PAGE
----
Senate Bill 2004, sponsored by Sen. Kevin Blackwell, holds any party that contests a Certificate of Need, or CON, application liable for the legal costs of the applicant should their contest fail, and the CON be approved.

Essentially, this disincentivizes interested parties from attempting to have a CON denied, ultimately allowing more of these applications to be successful and lowering the cost burden for those wishing to provide healthcare solutions in Mississippi.

CON laws originated from federal legislation that was fully repealed in 1986. Thirty-five states, including Mississippi, still have CON laws in state legislation.

Many states issue moratoria on specific medical facilities, practices, and materials through CON laws. Mississippi’s CON law requires health care providers to seek approval from the state Department of Health to build a new facility, add beds or diagnostic equipment to an existing facility, or any other capital-related project. The regulated areas include:hospital and nursing home beds,Inpatient psychiatric beds for children, beds in chemical dependency centers, and home health services.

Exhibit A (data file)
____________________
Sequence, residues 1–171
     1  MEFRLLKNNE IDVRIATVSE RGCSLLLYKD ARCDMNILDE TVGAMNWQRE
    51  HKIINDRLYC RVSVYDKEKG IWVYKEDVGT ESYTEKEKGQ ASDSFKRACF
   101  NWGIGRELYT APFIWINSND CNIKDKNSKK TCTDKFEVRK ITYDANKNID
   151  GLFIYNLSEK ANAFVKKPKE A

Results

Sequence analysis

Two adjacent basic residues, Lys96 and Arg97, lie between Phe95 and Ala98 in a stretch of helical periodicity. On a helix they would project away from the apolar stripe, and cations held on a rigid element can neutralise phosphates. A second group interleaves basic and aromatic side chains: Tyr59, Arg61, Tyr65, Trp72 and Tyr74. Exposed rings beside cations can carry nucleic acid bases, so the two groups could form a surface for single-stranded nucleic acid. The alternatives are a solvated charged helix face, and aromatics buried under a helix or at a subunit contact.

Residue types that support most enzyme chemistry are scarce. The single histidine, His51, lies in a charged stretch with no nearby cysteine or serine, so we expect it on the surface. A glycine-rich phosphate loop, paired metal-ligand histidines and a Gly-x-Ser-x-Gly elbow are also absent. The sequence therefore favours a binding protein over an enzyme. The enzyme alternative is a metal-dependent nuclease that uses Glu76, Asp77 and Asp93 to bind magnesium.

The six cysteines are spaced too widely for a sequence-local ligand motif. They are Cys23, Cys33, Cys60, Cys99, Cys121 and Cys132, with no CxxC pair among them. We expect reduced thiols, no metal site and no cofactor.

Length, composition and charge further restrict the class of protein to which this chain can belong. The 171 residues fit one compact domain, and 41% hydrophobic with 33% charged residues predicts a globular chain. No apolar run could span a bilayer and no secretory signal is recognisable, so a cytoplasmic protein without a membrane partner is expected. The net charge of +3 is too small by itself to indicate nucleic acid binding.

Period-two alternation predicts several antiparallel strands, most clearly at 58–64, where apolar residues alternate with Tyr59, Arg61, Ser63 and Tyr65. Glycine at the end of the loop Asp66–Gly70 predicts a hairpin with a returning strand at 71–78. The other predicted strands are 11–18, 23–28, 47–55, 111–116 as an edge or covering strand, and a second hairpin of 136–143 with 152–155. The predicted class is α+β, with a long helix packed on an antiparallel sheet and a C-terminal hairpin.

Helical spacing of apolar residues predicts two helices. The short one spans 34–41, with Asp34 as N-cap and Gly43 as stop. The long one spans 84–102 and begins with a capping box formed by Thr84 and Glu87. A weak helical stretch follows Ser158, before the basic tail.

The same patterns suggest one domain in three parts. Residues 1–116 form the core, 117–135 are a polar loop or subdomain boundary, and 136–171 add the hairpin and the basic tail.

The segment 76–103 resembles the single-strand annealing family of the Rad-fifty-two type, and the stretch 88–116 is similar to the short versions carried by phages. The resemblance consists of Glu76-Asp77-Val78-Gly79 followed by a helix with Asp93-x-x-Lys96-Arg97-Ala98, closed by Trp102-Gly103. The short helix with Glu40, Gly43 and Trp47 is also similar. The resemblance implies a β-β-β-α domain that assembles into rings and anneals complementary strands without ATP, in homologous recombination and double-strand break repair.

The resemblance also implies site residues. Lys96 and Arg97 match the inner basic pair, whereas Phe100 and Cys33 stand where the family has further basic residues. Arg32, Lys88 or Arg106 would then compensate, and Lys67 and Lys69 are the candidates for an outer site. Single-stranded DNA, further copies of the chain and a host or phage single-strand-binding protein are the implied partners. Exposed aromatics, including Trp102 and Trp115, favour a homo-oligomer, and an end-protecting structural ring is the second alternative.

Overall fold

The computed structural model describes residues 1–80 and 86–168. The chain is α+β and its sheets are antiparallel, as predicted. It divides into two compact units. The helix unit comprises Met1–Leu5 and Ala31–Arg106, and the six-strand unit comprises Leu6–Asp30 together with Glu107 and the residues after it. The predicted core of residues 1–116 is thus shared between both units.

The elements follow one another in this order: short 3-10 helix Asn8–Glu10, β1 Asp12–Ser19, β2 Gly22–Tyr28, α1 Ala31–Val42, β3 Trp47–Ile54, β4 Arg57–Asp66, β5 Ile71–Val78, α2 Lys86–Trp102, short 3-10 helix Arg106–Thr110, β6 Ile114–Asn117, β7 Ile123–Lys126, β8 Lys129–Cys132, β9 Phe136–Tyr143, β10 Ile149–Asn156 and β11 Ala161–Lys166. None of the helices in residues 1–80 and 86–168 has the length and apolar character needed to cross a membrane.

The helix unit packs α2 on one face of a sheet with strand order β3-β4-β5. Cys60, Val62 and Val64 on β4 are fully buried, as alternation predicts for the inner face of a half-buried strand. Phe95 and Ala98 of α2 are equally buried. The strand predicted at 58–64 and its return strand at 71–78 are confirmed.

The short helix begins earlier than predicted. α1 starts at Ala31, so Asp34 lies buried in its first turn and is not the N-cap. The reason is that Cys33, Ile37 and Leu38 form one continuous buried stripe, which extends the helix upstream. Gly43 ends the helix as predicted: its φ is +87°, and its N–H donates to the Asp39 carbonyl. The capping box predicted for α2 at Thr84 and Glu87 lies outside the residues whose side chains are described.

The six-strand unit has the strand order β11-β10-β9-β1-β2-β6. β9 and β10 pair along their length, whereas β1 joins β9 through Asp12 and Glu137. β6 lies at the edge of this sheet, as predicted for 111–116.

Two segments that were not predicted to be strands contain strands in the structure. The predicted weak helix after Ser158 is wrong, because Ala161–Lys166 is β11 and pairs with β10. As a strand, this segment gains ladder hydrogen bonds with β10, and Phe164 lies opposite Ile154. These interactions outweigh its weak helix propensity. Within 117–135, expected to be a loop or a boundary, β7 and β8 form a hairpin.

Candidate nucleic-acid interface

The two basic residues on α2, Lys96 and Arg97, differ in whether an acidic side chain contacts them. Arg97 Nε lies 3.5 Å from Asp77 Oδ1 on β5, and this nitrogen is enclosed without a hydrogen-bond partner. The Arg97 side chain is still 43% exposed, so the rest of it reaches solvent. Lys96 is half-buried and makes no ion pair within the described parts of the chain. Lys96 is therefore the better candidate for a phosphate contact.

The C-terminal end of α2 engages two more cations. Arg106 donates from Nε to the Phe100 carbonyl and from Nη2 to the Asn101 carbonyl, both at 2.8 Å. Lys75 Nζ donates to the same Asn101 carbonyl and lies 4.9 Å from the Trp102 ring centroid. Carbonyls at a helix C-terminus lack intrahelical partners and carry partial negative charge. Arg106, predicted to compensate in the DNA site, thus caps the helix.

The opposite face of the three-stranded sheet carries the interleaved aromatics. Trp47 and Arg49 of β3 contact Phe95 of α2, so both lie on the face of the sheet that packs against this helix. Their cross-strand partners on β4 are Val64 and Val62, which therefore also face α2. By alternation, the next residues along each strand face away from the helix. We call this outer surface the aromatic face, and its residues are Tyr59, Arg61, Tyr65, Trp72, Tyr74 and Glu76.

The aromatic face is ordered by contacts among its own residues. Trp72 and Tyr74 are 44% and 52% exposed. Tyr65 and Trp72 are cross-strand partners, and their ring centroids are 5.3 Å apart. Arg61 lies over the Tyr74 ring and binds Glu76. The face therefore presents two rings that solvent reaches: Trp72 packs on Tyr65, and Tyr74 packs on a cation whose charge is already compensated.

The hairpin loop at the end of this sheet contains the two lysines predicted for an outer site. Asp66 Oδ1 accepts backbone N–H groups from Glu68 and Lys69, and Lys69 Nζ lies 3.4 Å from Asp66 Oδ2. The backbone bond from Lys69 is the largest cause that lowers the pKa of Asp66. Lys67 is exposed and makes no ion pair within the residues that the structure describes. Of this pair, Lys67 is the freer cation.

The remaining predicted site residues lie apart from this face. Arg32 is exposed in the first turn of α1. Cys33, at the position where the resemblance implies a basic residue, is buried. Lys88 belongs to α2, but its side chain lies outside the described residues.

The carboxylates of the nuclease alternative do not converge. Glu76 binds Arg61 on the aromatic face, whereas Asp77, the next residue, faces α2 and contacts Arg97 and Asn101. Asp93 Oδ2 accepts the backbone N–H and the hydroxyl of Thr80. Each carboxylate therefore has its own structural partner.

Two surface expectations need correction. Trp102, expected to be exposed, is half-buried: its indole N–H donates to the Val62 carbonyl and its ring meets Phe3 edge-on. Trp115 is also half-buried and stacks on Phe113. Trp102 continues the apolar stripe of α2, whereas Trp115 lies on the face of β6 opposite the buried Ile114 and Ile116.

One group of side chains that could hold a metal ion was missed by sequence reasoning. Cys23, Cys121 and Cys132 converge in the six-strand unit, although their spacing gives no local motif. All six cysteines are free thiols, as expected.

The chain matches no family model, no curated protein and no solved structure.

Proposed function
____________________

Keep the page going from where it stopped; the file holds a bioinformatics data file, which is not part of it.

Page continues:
CON laws inevitably grant monopolies to existing medical providers with facilities already in an area and only stifle the ability of new facilities to open up. This often eliminates the possibility of competition in the medical industry between providers, keeping costs up, and quality of service down.   

While the overall goal should be full repeal of CON laws, this is a step in the right direction. 

MCPP has reviewed this legislation and finds that it is aligned with our principles and therefore should be supported. 

Read the bill here.

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